As I watched the news and tried to digest the images from Virginia on Friday and then again on Saturday, the words of Psalm 22 echoed in my mind.
It’s the Psalm we read in the church on Good Friday, the Psalm we pray with Jesus in the midst of his abandonment, the Psalm we hold on to in the midst of despair, and the Psalm that holds on to us as we contemplate darkness and death.
“My God, my God why have you forsaken me,” it begins, the words Jesus will later quote from the Cross. It’s a prayer from someone desperate for the world to look different. It’s a prayer from someone who feels alone. It’s a prayer from someone who wonders if things will ever get any better. Ultimately, even on Good Friday, it’s a prayer of lament, a prayer of a person who both begs for God to act and trusts that God will show up and make a difference.
When the darkness rages, it’s always the Psalms. When the earth cries out in pain and anger, it is the Psalms that help me find a way to offer that anger back to God. When the sighs are too deep for words it is the Psalms that help me find a voice. When our lives lead us to demand, “How long, O Lord”, it is the prayers of the Psalms that remind me that the question isn’t a betrayal of faith in God but a testimony to it.
It is the Psalms because the Psalms are the best resource I know to remind me that what happens to the world matters greatly to God.
There’s a strand of Christianity that tries to teach us that the point of the Christian life is to escape the world. Such a view was declared inconsistent with the Gospel by the early church, but heresies have a way of sticking around.
You can’t really reconcile the idea that God doesn’t care about the world with the Bible. Genesis 1 tells us that upon seeing the world God had made, God called it very good. The most famous verse in all of the Bible is John 3:16, which says the the gift of Jesus comes to us because, in fact, “God so loved the world”. The promised new Creation of Revelation contains the hope of no more tears and no more pain, because God actually cares about what you and I experience and grieves our pain. When we mourn, God mourns. That’s part of what it means to love, after all.
This is one of those foundational beliefs that shapes how we live, how we work and how we pray. It’s impossible to pray Your Kingdom, Your Will Be Done and live out a faith that avoids the pain of the world. You can’t live in faithfulness to the God who loves people and ignore the injustices that damage and destroy people that God loves and Christ died for. To love God is to love the world that God loves.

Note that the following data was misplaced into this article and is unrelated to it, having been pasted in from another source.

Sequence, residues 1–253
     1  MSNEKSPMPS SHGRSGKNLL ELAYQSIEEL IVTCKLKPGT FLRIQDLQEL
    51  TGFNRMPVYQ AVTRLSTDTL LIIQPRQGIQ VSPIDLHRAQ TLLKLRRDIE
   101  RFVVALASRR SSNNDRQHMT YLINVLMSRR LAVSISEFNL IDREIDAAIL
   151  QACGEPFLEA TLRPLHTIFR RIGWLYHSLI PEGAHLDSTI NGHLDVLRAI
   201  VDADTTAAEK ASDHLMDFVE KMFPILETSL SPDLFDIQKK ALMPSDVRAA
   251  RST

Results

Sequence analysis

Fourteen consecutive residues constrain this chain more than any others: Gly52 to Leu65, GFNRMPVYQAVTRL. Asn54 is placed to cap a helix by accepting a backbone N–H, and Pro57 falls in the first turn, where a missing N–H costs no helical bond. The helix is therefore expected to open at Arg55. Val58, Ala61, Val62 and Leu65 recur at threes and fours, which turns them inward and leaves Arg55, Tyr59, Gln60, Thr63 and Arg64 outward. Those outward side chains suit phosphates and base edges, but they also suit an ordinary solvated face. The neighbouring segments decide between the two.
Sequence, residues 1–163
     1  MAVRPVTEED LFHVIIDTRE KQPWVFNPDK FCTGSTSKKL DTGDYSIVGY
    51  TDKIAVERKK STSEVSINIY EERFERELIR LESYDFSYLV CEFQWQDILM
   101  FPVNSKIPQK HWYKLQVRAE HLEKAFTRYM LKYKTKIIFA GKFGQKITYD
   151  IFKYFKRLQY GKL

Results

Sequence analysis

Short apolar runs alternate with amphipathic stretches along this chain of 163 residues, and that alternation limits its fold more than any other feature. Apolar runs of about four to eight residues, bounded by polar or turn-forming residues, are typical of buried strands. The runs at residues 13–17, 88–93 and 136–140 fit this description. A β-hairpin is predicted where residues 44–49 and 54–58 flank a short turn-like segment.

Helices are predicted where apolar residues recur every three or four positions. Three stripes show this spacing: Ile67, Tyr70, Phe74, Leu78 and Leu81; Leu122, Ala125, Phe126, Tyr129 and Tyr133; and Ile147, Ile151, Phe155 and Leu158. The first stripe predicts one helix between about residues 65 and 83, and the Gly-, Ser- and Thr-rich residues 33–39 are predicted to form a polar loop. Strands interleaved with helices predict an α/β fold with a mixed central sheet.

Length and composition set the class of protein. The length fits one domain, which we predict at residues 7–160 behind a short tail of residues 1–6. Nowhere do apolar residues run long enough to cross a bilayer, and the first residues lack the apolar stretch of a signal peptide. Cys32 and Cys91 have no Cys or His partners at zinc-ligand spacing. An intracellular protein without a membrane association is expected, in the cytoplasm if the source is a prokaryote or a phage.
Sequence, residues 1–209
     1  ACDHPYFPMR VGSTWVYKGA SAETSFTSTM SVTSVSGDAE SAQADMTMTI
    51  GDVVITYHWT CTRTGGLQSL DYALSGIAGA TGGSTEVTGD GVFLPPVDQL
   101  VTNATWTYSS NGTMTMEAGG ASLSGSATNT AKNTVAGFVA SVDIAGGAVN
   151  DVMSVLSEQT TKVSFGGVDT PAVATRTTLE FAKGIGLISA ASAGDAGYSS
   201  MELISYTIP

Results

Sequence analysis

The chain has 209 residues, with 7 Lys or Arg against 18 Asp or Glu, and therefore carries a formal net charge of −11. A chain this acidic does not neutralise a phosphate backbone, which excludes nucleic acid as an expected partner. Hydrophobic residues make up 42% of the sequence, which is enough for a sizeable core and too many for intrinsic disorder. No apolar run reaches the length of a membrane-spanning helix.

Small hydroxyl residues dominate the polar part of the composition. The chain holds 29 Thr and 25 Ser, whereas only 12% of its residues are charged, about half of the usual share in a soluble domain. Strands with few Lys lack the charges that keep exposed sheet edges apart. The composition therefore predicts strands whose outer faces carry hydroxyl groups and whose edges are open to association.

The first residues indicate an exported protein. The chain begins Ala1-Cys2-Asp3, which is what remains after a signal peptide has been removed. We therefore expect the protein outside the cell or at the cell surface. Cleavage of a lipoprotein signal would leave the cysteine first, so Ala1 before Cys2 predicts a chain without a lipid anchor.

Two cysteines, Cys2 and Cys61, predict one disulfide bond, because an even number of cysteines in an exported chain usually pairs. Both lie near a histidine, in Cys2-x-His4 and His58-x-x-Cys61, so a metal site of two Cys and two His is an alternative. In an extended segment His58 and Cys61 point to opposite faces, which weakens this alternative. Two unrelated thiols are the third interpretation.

The Psalms both teach and show us how to be in relationship with a God who is not silent. Again and again the Psalms teach us how to pray in the conviction that we do not make our way in the world alone. We are not agents of transformation working by ourselves to make the world look the way God intended. The underlying belief of the Psalms, and the Bible as a whole, is that we are not striving against injustice on our own, but are fighting the good fight in partnership with the God who will not sit on the sidelines.
Consider the words of Psalm 31, which I received, appropriately enough, on Saturday. “Praise be the Lord, for he showed me the wonders of his love when I was in a city under siege.” Bible in one hand, screen in the other you might say.
We should stamp Psalm 33 on our doorposts, words we need to shout as loud as we can when we want to give up, promises we need to hold on to when evil never seems to stop and hate-fueled violence appears as the inevitable outcome of a world gone mad. “The Lord foils the plans of the nations, he thwarts the purposes of the peoples. But the plans of the Lord stand firm forever, the purposes of his heart through all generations.”
The message of the Bible is that God will not be deterred. From Genesis to Revelation we read how God is working to unite the entire human family. The distinctions and differences that we hold on to are the things that no longer define people in God’s new creation. The walls are being torn down and God will not rest until everyone is together at the table.